```  let flattenTree3 t =
let rec loop tree k acc =
match tree with
| Empty     -> k acc
| Node (l, n, r) -> loop r (loop l k) (n :: acc)
loop t id []
```
Sometimes you can improve heap use efficiency of this by designing a data structure to reify the continuations, instead of just using closures.
The seq version proposed above is probably just as good. Since it is lazy, computations are delayed until the resulting sequence will be enumerated, and there is no danger of stack overflow. It might be significantly slower though then your #2 version for trees that do fit, because of all the extra layers it introduces.

WebSharper - F#-to-JavaScript and more at http://websharper.com
• Marked as answer by Thursday, August 04, 2011 6:36 PM
Tuesday, August 02, 2011 2:19 PM
• Thanks for such a detailed explanation. In addition I take a function with an explicit stack.

Here is my test run.

```open System

type KDTreeNode<'a> =
| Empty
| Node of KDTreeNode<'a> * 'a * KDTreeNode<'a>

let inline test f t=
printfn "Test Start"
let sw = new System.Diagnostics.Stopwatch()
sw.Start()
let res=List.length (f t)
sw.Stop()
let time = sw.ElapsedMilliseconds
printfn "Time Duration : %A" (time, res)
time

let inline insert l =
let rec loop l acc =
match l,acc with
| [],_ -> acc
| data::xs, Empty -> loop xs (Node (Empty, data, Empty))
| data::xs, Node (left, ndata, right) ->
if data % 2 > 0 then
loop xs (Node (Node(left,ndata,Empty), data, right ))
else
loop xs (Node (left, data, Node(Empty,ndata,right)))
loop l Empty

let inline flatten4 tree =
let s = System.Collections.Generic.Stack[tree]
let rec loop (stack:Collections.Generic.Stack<KDTreeNode<'a>>) acc =
match stack.Count>0 with
| false -> acc
| true ->
match stack.Pop() with
| Empty -> loop stack acc
| Node(left, a, right) ->
stack.Push left
stack.Push right
loop stack (a::acc)
loop s []

let inline flatten3 t =
let rec loop tree k acc =
match tree with
| Empty   -> k acc
| Node (l, n, r) -> loop r (loop l k) (n :: acc)
loop t id []

let inline flatten2 t =
let rec loop tree acc =
match tree with
| Empty -> acc
| Node(l, n, r) -> loop l (loop r (n :: acc))
loop t []

let testN f t = printfn "Total Time: %A" (List.fold (fun acc _-> acc + (test f t)) (int64 0) [0..10])

// TEST with 50000
let tree =insert [0..50000]

testN flatten2 tree
testN flatten3 tree
testN flatten4 tree

// TEST with 100000
let tree1 =insert [0..100000]

//flatten2 stack overflow
testN flatten3 tree1
testN flatten4 tree1;;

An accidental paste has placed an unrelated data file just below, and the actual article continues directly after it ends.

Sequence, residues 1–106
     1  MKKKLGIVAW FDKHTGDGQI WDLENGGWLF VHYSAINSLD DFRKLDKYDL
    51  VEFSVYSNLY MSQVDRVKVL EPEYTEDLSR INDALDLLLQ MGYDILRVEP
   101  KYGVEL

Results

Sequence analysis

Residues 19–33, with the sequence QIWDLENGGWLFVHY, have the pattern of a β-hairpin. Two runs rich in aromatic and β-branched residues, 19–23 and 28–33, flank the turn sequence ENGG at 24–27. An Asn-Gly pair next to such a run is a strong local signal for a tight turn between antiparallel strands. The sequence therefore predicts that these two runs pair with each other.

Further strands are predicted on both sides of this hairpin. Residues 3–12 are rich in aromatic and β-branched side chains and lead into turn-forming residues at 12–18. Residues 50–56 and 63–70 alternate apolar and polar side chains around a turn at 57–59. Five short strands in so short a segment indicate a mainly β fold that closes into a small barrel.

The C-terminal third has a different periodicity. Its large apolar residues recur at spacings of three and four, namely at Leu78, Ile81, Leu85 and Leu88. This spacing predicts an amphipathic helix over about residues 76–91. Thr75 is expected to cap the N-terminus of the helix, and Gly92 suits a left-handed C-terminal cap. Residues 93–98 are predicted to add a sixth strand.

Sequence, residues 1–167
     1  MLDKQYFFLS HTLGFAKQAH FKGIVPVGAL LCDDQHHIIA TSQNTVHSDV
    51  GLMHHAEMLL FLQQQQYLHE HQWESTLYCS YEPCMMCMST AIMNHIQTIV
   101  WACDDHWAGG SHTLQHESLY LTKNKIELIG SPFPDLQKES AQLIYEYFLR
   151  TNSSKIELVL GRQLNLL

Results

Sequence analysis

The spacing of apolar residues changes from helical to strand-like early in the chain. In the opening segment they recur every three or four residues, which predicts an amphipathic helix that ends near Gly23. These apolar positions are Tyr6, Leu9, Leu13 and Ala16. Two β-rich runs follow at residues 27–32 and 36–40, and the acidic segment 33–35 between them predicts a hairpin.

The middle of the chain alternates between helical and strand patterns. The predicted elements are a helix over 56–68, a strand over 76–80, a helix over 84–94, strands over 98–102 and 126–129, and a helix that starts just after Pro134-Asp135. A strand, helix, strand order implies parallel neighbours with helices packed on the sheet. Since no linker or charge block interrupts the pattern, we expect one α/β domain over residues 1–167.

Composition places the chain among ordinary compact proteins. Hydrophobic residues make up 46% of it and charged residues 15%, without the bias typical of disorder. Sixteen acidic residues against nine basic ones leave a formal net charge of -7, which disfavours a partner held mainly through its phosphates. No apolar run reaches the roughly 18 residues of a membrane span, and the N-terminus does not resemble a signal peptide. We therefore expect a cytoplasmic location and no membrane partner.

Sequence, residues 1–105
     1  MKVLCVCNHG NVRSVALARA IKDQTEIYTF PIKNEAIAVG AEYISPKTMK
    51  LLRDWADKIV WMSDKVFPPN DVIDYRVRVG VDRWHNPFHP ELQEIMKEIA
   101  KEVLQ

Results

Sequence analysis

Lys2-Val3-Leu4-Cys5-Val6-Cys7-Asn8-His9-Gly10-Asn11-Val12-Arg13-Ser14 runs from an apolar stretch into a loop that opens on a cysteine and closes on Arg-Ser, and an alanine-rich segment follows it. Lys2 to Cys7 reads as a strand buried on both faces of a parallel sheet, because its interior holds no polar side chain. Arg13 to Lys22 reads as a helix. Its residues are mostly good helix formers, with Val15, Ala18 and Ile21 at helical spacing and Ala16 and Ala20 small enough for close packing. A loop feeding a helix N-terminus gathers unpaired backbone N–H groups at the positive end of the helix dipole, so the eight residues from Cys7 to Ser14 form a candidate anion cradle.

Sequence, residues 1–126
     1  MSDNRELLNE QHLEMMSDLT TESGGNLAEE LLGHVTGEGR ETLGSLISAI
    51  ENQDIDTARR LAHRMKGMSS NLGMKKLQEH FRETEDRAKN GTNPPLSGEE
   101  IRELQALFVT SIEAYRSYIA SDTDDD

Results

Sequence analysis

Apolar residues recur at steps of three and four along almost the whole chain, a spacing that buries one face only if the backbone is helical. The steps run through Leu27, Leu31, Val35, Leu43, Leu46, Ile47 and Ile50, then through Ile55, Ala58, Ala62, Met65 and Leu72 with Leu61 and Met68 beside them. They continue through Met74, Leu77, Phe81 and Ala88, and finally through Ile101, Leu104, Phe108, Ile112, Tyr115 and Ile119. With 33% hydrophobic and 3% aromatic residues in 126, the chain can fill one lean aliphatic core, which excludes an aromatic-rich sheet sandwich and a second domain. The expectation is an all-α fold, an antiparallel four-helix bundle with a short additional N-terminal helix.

// TEST with 50000
Test Start flatten2
Time Duration : (36L, 50001)
Test Start
Time Duration : (4L, 50001)
Test Start
Time Duration : (4L, 50001)
Test Start
Time Duration : (5L, 50001)
Test Start
Time Duration : (5L, 50001)
Test Start
Time Duration : (35L, 50001)
Test Start
Time Duration : (11L, 50001)
Test Start
Time Duration : (4L, 50001)
Test Start
Time Duration : (4L, 50001)
Test Start
Time Duration : (5L, 50001)
Test Start
Time Duration : (5L, 50001)
Total Time: 118L

Test Start flatten3
Time Duration : (51L, 50001)
Test Start
Time Duration : (32L, 50001)
Test Start
Time Duration : (36L, 50001)
Test Start
Time Duration : (39L, 50001)
Test Start
Time Duration : (30L, 50001)
Test Start
Time Duration : (35L, 50001)
Test Start
Time Duration : (30L, 50001)
Test Start
Time Duration : (33L, 50001)
Test Start
Time Duration : (39L, 50001)
Test Start
Time Duration : (30L, 50001)
Test Start
Time Duration : (39L, 50001)
Total Time: 394L

Test Start flatten4
Time Duration : (11L, 50001)
Test Start
Time Duration : (7L, 50001)
Test Start
Time Duration : (6L, 50001)
Test Start
Time Duration : (7L, 50001)
Test Start
Time Duration : (10L, 50001)
Test Start
Time Duration : (6L, 50001)
Test Start
Time Duration : (6L, 50001)
Test Start
Time Duration : (6L, 50001)
Test Start
Time Duration : (6L, 50001)
Test Start
Time Duration : (7L, 50001)
Test Start
Time Duration : (6L, 50001)
Total Time: 78L

// TEST with 100000
Test Start flatten3
Time Duration : (123L, 100001)
Test Start
Time Duration : (74L, 100001)
Test Start
Time Duration : (93L, 100001)
Test Start
Time Duration : (80L, 100001)
Test Start
Time Duration : (74L, 100001)
Test Start
Time Duration : (70L, 100001)
Test Start
Time Duration : (72L, 100001)
Test Start
Time Duration : (89L, 100001)
Test Start
Time Duration : (75L, 100001)
Test Start
Time Duration : (73L, 100001)
Test Start
Time Duration : (78L, 100001)
Total Time: 901L

Test Start flatten4
Time Duration : (24L, 100001)
Test Start
Time Duration : (13L, 100001)
Test Start
Time Duration : (13L, 100001)
Test Start
Time Duration : (14L, 100001)
Test Start
Time Duration : (18L, 100001)
Test Start
Time Duration : (14L, 100001)
Test Start
Time Duration : (14L, 100001)
Test Start
Time Duration : (14L, 100001)
Test Start
Time Duration : (18L, 100001)
Test Start
Time Duration : (17L, 100001)
Test Start
Time Duration : (13L, 100001)
Total Time: 172L```

Wednesday, August 03, 2011 6:16 PM